The Traditional English Christmas Dinner Menu

The traditions of Christmas we carry in our heads, and attempt to replicate, are very much Victorian: if we close our eyes, we can almost see the Dickensian table, groaning with the weight of all the food and drink. In those times, goose would almost certainly have been the main event: nowadays, the majority of Christmas Dinners in England (and the rest of the UK) will feature turkey.
There has been a move in recent years to re-introduce the goose, or alternatives such as venison, to the Christmas table, but the English have embraced the turkey in the last century, and are resistant to change. Hopefully, though, they will be sitting down to a free-range bird from a good breed, such as a Norfolk Bronze, rather than a watery and insipid turkey from the bottom of the supermarket deep freeze.
Here, I give a typical menu for Christmas Dinner and for the follow-up evening supper as served in many English households on Christmas Day.
  • Starter: There is no real "traditional" Christmas starter, but a simple and light first course involving seafood such as salmon, either smoked or as a pate, or perhaps a shrimp cocktail (prawn, in the UK) or salad. Other hosts/cooks may serve a soup, or indeed, nothing at all.

  • Main: Roast turkey, chipolatas (small pork or pork and beef sausages), crispy bacon (that has protected the turkey breast during roasting), stuffing, roast potatoes, roast parsnips, Brussels sprouts, carrots, small roasted onions and perhaps another green vegetable such as cabbage or broccoli. Small individual Yorkshire puddings are liked by many. Bread sauce and/or cranberry sauce will be served, and a good, rich gravy made from the giblets is essential. In larger households a second joint of meat will also be served, such as roast pork, rib of beef, or perhaps a gammon ham.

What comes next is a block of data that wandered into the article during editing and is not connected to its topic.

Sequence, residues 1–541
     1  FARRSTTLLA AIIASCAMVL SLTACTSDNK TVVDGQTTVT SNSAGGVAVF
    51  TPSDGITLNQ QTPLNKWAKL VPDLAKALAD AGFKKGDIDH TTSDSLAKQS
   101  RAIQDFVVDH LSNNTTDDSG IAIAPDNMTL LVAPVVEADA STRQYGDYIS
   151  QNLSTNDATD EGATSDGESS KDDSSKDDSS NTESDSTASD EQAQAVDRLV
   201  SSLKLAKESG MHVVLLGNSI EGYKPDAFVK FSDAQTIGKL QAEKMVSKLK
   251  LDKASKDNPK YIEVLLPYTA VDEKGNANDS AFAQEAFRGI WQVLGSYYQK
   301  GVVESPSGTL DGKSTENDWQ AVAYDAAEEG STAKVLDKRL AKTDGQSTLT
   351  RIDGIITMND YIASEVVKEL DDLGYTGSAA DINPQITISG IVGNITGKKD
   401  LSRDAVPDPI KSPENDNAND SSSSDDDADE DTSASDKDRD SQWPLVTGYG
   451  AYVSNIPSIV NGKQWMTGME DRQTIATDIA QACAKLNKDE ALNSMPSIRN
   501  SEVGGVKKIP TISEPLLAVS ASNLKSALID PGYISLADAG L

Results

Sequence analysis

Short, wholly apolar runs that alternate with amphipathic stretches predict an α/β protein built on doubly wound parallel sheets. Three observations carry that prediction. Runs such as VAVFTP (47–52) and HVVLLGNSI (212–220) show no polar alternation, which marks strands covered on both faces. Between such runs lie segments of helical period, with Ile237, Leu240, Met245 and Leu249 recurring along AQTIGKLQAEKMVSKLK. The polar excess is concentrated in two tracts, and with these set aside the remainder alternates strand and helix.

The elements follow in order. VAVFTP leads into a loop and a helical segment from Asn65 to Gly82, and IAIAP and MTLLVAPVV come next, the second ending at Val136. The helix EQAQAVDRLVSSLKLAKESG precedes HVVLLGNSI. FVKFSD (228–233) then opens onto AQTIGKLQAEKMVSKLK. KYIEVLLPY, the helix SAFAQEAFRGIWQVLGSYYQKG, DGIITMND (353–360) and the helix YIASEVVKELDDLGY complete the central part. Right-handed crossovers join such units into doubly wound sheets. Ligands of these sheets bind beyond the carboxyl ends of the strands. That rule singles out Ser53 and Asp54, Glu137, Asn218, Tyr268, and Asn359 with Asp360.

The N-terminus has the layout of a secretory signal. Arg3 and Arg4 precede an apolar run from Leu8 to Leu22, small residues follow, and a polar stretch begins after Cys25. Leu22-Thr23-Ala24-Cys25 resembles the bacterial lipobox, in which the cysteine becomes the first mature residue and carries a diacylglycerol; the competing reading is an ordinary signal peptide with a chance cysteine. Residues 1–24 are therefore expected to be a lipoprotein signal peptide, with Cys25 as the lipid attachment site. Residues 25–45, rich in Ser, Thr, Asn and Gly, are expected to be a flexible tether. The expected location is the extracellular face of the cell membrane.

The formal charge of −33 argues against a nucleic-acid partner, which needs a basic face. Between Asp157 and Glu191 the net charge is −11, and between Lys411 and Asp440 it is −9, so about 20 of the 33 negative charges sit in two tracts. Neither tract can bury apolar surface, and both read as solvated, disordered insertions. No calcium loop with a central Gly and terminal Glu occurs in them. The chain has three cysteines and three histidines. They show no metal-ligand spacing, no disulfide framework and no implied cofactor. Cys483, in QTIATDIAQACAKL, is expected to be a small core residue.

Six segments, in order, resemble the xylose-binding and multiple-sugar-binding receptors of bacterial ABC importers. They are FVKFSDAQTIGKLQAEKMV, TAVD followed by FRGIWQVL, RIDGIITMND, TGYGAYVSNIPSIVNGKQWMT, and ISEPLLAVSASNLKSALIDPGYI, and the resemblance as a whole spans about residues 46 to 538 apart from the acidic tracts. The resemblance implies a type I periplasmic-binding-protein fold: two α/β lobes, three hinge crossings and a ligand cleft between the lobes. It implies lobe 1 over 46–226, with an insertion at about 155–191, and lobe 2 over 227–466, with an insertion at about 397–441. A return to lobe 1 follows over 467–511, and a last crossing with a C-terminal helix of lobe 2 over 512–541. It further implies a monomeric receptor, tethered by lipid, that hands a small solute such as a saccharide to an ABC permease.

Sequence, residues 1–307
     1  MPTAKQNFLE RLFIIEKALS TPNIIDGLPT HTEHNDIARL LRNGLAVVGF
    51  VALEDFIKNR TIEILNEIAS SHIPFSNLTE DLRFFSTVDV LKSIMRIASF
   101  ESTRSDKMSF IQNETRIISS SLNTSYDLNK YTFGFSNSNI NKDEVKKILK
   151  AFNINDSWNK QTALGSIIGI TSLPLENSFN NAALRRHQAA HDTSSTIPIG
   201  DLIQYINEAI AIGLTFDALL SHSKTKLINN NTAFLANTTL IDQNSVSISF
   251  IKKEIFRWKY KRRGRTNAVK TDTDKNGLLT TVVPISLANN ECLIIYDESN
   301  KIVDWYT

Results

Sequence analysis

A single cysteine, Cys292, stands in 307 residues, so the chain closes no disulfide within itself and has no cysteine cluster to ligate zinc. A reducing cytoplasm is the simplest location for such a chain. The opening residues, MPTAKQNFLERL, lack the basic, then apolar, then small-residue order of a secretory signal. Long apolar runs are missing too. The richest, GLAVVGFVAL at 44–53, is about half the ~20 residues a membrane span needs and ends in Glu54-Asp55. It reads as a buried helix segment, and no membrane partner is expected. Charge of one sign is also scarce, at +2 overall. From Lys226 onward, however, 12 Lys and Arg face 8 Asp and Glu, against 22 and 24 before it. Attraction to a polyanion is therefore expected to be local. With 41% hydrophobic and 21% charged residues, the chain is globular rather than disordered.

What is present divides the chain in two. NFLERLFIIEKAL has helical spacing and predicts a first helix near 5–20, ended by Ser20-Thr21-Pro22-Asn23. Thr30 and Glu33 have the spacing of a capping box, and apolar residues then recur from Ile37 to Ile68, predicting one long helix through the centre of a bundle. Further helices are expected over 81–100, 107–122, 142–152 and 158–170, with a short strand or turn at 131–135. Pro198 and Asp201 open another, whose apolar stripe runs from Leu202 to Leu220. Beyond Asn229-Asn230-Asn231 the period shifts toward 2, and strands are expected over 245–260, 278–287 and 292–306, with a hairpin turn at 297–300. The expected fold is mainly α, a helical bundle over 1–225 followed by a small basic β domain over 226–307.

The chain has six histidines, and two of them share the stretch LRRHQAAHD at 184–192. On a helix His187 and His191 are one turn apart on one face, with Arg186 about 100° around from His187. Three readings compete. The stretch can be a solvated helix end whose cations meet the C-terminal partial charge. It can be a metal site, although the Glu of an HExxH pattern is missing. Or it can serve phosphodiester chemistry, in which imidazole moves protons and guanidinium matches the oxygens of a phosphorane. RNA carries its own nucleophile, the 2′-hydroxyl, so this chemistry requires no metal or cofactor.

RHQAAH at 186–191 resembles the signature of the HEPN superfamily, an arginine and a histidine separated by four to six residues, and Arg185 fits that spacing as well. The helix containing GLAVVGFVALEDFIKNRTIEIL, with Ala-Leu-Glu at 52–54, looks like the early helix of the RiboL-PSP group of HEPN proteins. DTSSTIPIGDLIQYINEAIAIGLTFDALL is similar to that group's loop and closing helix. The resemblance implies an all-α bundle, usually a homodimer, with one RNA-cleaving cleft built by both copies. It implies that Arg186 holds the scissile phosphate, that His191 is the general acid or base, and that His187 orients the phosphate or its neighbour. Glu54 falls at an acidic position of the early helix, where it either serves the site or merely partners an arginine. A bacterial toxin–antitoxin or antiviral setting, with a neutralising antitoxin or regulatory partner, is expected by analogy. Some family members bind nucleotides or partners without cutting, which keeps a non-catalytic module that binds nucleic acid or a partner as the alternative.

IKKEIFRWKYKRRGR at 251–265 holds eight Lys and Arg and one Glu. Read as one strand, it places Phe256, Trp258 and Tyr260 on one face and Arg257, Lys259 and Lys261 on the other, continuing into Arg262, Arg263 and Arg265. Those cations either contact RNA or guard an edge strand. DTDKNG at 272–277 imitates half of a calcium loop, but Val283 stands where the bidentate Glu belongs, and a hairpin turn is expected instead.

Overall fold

• Pudding: Christmas Pudding, flamed with brandy, served with brandy butter, cream or custard (or all three!). Mince pies may or may not be served with the pudding, or may come out later. Christmas cake may be served with the after-dinner coffee, or may be reserved for later in the day.
After dinner is the traditional time for the kids to play with their new presents, and for the adults to either sleep off, or attempt to walk off, the meal. However, the food has not finished, as later in the day, once people have recovered, out will come Christmas Day Supper, often as a help-yourself buffet.
  • Christmas Day Supper: leftovers from the roast and other cold cuts such as ham, beef, chipolatas etc. Sausage rolls (sausage meat in pastry shells, not bread rolls). Cheeses, especially a really ripe Stilton served with a glass or two of crusty port. Preserves and pickles, some of which may be home-made. Mince pies and Christmas cake. And turkey sandwiches.

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